The Telegraph
Friday , May 16 , 2014
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AMCH official admits lapses

Dibrugarh, May 15: Three days after his suspension, Athindra Kumar Adhikari, principal of Assam Medical College and Hospital, today owned moral responsibility for the security lapses that led to Sarita Toshniwal’s death.

Dispur had suspended Adhikari on Monday, who was “on an official tour to Paris” when the incident took place on May 9.

Addressing reporters here today, Adhikari said, “I take moral responsibility for the security lapses that led to Sarita’s murder. It was an unfortunate incident and I feel ashamed about it. I feel sorry for the events over the past six days.”

He said he had left for Paris on the evening of May 8 for a three-day meet. “I was on an official tour to Paris for attending a continuing medical education programme and had applied for leave on April 11 to the joint secretary,” Adhikari said.

Sarita, a first-year post-graduate student of the gynaecology department of the college, was found dead around 8am on May 9. Within hours of the incident, police arrested a ward boy, Kero Mech, after he confessed to the crime. However, Dipmoni Saikia, a post-graduate second year student of the gynaecology department, was arrested yesterday in connection with the crime.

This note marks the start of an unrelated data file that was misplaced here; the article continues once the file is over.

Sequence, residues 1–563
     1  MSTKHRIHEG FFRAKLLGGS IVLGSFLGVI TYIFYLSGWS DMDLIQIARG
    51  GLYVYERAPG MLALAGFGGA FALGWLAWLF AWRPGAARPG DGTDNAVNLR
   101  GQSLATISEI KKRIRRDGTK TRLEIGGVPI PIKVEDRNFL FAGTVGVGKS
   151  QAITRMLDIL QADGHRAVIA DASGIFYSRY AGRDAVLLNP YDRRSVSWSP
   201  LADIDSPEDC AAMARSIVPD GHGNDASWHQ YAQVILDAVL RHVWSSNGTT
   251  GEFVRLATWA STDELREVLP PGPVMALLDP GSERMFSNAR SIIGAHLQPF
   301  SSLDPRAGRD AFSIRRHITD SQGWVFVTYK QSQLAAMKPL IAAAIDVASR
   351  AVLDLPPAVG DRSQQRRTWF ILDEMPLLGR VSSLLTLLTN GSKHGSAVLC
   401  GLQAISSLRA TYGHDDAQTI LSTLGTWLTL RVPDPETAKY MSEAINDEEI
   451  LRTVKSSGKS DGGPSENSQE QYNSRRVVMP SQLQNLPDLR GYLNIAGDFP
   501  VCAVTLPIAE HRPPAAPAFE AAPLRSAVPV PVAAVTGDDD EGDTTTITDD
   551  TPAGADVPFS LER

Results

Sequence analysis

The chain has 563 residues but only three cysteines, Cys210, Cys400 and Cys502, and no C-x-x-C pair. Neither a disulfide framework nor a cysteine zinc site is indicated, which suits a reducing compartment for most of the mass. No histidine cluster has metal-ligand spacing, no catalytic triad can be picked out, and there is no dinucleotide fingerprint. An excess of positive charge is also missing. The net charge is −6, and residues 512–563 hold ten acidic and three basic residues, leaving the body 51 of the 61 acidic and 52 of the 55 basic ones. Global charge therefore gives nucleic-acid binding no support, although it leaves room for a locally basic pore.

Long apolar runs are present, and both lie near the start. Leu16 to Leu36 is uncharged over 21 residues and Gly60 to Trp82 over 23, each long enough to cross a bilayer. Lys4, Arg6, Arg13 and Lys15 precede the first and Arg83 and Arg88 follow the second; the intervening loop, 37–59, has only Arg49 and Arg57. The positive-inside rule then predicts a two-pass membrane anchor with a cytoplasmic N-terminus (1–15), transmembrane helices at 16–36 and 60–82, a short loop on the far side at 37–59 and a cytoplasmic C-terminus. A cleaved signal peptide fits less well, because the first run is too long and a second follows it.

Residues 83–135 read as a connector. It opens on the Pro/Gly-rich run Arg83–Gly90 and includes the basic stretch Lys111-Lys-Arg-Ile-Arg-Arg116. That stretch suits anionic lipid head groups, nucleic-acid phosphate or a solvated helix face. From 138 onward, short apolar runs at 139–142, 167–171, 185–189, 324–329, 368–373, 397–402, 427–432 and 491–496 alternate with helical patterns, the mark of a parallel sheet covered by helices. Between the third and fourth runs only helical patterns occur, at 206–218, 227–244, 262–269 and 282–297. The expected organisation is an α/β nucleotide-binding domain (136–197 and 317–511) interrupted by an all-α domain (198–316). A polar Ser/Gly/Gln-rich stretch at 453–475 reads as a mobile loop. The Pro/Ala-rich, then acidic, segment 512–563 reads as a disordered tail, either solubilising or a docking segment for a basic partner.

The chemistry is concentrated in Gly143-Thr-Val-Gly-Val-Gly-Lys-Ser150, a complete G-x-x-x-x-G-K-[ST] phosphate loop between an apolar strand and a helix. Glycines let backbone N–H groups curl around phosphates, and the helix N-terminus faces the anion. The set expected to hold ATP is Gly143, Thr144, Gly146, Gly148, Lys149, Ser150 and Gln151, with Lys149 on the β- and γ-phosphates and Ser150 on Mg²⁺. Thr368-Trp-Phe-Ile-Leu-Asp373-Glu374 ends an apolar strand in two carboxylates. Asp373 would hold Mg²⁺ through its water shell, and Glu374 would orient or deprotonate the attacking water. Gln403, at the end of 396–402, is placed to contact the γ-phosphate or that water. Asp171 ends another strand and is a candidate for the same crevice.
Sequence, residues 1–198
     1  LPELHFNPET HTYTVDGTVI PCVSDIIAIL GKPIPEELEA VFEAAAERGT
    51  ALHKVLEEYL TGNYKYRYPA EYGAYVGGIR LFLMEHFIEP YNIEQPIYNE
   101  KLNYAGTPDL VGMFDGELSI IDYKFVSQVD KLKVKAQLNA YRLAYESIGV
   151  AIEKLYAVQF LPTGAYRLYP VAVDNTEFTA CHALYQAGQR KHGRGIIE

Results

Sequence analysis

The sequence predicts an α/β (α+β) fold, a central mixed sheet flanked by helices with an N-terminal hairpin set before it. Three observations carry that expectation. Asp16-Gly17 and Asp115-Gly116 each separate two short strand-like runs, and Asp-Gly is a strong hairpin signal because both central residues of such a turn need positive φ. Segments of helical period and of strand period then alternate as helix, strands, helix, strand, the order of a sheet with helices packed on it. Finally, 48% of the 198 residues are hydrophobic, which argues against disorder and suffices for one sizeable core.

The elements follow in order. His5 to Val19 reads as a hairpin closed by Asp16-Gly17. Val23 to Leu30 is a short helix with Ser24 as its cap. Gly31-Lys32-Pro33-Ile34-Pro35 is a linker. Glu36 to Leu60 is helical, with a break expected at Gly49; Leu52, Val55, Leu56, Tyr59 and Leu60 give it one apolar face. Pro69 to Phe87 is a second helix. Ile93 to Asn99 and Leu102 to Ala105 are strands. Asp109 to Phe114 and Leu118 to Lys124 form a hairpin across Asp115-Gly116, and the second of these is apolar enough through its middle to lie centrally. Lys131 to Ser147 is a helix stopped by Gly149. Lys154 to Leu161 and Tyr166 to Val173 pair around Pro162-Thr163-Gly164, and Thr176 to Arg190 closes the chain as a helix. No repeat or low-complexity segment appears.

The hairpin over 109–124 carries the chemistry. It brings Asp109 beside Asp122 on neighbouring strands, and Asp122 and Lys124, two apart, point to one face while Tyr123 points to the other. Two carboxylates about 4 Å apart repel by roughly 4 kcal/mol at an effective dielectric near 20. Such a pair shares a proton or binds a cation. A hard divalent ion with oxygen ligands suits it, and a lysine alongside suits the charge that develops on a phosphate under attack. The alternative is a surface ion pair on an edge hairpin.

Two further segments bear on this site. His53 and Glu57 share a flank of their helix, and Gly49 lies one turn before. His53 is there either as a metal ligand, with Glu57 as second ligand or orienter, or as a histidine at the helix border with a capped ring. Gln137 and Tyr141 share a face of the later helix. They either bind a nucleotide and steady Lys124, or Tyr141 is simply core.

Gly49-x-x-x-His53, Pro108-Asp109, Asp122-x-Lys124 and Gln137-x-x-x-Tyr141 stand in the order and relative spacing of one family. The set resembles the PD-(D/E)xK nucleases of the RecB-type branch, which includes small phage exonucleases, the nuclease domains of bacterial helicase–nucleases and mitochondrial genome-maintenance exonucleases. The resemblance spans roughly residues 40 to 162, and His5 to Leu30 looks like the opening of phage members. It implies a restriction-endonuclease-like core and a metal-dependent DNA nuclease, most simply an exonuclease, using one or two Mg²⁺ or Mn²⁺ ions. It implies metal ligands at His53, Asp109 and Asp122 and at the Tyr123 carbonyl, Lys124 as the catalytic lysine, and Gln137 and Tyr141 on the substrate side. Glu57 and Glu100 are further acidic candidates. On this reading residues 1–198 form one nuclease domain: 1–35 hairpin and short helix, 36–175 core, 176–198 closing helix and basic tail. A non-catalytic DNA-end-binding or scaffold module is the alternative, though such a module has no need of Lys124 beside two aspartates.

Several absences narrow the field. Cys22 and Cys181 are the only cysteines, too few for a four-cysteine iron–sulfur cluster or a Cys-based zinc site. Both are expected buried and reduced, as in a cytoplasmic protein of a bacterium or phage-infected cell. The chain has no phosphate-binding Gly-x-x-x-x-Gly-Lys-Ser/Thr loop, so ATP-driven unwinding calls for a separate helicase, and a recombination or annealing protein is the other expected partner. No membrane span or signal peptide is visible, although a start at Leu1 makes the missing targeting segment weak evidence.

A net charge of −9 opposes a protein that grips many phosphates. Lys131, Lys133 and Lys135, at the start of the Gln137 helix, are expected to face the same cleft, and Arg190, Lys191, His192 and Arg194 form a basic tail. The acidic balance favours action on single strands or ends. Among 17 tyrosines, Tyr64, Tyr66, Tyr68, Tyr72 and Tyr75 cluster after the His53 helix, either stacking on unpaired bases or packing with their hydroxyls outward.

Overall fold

Asked whether he left for the tour without approval, Adhikari said: “I had informed vice-principal H.C. Kalita and superintendent M. Patowary about my tour.”

On his suspension decision, he said, “I received the (suspension) letter on May 13 but I have nothing to comment because the decision has been taken by the government.”

Adhikari said he had no regrets on the clamour for his resignation by students.

The students and doctors of the college had called off their strike yesterday after a written assurance from the state government regarding fulfilment of their demands.

On Mech’s recruitment, he said, “He was a contractual worker and many contractual workers were appointed at the AMCH and their payments and allowances given by the respective heads of departments.”

Asked about the security in AMCH, he said, “Only eight policemen of the Borbari police station carry out night patrol on the campus. So, there is a lack of security.”

He dwelt on the progress that took place during his over two-year tenure as principal. “I spent two years on the campus and have worked for the development of the hospital,” he said.

Members of the Assam Medical College Students’ Union said this evening that would continue their protest by wearing black badges during duty hours even after the end of the strike.

Rananjoy Sharma, president of the union, said, “We called off our strike after the government assured us that armed forces would be deployed on the AMCH campus within 50 days,” he said.